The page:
Ellington, Marc - Restoration

Kev Rowland, Ellington, Marc - Restoration

Back in the early Seventies it wasn’t unusual for an act to release more than one album in a year, and that is the case with Marc’s fourth album, which was also released in 1972 (at least I think it was – according to different sources it was either 1972 or 1973, but I’m going with Terry Hounsome on this one). This album included well over twenty musicians, with Fairport members Jerry Donahue, Simon Nicol and Dave Mattacks all involved, along with well-known session men such as Zoot Money and Barry D’Souza. As with the previous album, this is incredibly enjoyable the first time it is played, but there is more of a rock element to this one. The country stylings are still there with steel guitar and banjo, but there is the impression that he has been playing attention to what has been coming out of America. That it is an album of its time is not in doubt, yet is still something that can be played and enjoyed the very first time of hearing.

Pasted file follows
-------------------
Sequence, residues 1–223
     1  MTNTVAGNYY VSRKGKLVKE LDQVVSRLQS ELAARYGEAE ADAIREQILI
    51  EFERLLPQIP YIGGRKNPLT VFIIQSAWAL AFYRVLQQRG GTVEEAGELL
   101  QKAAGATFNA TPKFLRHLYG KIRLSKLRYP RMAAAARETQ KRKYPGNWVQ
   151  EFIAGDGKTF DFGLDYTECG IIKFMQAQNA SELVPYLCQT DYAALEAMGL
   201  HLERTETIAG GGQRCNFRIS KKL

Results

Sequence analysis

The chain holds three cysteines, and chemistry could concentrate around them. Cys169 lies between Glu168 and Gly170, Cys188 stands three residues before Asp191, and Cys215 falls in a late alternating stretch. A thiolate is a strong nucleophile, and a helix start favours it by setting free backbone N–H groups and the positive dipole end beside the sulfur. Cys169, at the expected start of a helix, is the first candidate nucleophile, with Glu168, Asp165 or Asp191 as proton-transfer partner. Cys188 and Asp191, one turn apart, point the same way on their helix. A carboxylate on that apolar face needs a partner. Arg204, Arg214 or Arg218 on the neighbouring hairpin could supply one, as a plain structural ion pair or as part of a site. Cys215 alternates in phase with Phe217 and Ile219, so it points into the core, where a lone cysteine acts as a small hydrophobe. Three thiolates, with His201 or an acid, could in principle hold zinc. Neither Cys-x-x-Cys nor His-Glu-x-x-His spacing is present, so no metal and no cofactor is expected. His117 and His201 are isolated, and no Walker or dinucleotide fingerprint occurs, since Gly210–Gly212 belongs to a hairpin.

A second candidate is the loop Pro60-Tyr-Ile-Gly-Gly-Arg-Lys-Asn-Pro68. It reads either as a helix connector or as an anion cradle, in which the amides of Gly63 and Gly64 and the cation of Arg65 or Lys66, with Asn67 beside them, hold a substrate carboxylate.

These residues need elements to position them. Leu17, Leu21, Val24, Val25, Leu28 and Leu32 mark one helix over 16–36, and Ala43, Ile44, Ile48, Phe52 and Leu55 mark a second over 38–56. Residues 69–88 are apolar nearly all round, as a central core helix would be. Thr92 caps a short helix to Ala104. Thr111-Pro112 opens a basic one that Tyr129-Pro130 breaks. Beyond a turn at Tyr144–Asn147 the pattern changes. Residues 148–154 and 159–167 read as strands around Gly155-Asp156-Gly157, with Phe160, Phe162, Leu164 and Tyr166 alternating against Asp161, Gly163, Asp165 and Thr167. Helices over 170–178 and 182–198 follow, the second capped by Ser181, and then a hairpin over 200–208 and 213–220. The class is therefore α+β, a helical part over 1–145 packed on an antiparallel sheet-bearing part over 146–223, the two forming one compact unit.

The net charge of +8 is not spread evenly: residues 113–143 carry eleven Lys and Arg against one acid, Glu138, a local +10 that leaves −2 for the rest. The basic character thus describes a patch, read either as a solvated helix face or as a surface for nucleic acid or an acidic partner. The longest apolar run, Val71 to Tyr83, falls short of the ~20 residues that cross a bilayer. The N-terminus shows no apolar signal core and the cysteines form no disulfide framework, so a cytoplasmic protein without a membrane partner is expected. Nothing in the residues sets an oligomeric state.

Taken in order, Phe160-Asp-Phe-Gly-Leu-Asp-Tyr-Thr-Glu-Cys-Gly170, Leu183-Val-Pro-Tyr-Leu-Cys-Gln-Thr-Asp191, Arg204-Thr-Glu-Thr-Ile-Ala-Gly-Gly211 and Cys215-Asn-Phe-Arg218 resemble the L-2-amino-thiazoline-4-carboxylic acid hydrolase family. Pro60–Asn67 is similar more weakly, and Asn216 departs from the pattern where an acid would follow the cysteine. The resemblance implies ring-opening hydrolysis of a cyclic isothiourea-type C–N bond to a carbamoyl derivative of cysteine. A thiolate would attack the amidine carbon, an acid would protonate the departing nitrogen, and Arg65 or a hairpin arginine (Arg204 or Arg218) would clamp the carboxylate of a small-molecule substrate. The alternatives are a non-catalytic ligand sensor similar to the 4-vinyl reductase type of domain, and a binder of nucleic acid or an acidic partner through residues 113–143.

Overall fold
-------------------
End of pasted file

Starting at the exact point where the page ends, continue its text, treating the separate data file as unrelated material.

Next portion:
Marc is a strong songwriter, with a very melodic voice that he rarely stretches as he knows what works for him. “Try” stands out in many ways just because it has far more energy and enthusiasm than the rest of the album, and somehow Marc manages to ensure that the album does sound like a band than a group of session men. In many ways, this is another lost gem from the period: remastered and issued in a digipak.

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